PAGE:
PARIS — Cautious optimism best describes European beauty executives’ outlook.
"The impact of Sept. 11 is still very big," explained Patrick Choël, president of the perfumes and cosmetics division at LVMH Moët Hennessy Louis Vuitton, speaking of the industry in general and summing up the belief of many executives here.
"Business has been harder hit than we thought," said another European manufacturer. "We all expected a tough time in travel retail, but that hasn’t been so difficult. Instead, it’s been the domestic markets that haven’t been that easy."
Sell-in for France’s selective domestic beauty sellers has been erratic. For instance, year-on-year, it was down 10.7 percent in May, but up 18.3 percent in April, according to the French Federation des Industries de la Parfumerie.
"The first-half turned out worse than anyone thought it would be," confirmed Gabriele Pungerscheg, president of European Designer Perfumes, a division of Unilever Cosmetics International. "Can business improve? I think so. Economies are on the upturn and political situations are more secure, with most countries having voted in their new parliaments.
"It was a cold first half, but will be a hot second half because of backloading," she continued.
That is to say, all of the major European players are gearing up for blockbuster fall launches. LVMH, for its part, will introduce Addict from Parfums Christian Dior and Kenneth Cole’s first scent duo from Parfums Givenchy. UCI will unveil a new Valentino scent, Cerruti Amber 1881 and Lagerfeld Man. Also slated are Parfums Giorgio Armani’s Sensi, Parfums Chanel’s Chance and Parfums Balmain’s Balmya — to name just a few.
"For the next six months, we’re all relying on the last quarter of the year, which should be significantly better," continued Choël, who predicts LVMH’s beauty division’s sales will be up 6 to 8 percent for yearend.
His business’s volume in the first six months of 2002 was up 2 percent — a good turnout, he said, particularly considering: "Last year, we had an extremely strong first half, which was up 15 percent.""All growth will be driven by launches now," said Manuel Puig, president of prestige beauty brands at Puig Beauty and Fashion Group, whose beauty division posted about 8 percent growth in the last quarter of 2001, registered a 10 percent drop in the first three months of this year and an increase of 12 percent in the second-quarter 2002. For the June-to-December period, he expects his business to spike 10 percent and by the end of the year to be up by "close to double digits."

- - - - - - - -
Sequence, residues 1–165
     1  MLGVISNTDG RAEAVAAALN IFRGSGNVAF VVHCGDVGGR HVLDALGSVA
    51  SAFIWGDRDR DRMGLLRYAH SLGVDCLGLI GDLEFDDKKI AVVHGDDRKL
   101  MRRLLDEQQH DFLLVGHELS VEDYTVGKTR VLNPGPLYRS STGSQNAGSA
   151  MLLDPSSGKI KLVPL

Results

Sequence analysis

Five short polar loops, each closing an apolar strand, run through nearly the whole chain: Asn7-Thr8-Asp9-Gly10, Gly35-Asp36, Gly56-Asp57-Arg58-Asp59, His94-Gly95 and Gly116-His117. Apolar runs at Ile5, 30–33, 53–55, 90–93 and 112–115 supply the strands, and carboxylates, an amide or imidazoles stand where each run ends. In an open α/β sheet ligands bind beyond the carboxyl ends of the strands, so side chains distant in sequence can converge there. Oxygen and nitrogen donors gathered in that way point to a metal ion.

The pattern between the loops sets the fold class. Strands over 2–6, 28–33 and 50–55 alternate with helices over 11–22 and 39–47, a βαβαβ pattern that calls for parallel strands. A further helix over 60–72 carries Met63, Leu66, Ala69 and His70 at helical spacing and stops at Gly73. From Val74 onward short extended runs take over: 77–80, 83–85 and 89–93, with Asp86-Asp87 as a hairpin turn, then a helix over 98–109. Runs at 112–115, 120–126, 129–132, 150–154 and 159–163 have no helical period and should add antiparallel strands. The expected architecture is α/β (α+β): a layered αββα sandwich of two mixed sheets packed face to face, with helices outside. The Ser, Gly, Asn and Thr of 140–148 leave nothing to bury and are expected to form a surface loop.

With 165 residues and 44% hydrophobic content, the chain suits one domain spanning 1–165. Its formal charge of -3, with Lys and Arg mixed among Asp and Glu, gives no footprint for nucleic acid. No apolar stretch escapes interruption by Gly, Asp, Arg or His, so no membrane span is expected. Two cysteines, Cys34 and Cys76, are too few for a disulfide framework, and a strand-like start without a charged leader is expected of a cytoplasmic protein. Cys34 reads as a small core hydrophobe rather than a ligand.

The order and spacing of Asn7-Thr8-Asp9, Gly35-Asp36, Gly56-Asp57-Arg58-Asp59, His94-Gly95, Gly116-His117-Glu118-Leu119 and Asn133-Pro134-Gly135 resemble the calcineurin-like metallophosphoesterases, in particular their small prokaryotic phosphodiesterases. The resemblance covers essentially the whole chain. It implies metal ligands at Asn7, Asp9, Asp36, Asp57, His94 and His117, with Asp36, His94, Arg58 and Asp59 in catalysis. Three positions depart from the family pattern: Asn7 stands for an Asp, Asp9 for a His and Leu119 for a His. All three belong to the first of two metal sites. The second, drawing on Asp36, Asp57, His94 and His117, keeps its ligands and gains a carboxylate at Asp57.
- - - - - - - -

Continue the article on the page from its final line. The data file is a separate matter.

"Our forecast for the year is more or less flat," said Philippe Benacin, president of Inter Parfums. "Everything has been so slow since the beginning of the year."
"If you take out the launches, the market is quite stagnant worldwide," continued Puig.
Executives say the sluggish U.S. business is the biggest force dragging down selective beauty sales, which will have trouble meeting the industry’s forecast growth of 3 percent to 3.5 percent worldwide by yearend.
Yet that’s not to say growth drivers don’t remain. In skin care, traditional products are making the sale, according to executives. "We’re still doing very well with basics, classics — toners, and day and night creams," said Christian Courtin, chief executive officer of Groupe Clarins. However, he said "everything with a little plus," such as a second or third lipstick or a slimming item, is not moving off shelves these days.
In prestige fragrance, besides new products, classics are showing their colors. "In periods of crisis, brands representing core traditional values resist well," said Andreas d’Avack, managing director of Chanel’s fragrances and beauty products division.
"I see the classics resisting quite well," agreed Puig. "The idea is to maintain business with classics and pick up growth with new products."
There’s also a silver lining when it comes to emerging markets. China "is definitely growing strong," particularly in the long term, said Courtin. "The Indian market is also starting to percolate." Others say Russia is promising, as well.
Expressing the overriding sentiment of his European colleagues, Courtin added: "I am feeling optimistic about the future, but I don’t know when I will feel comfortable."
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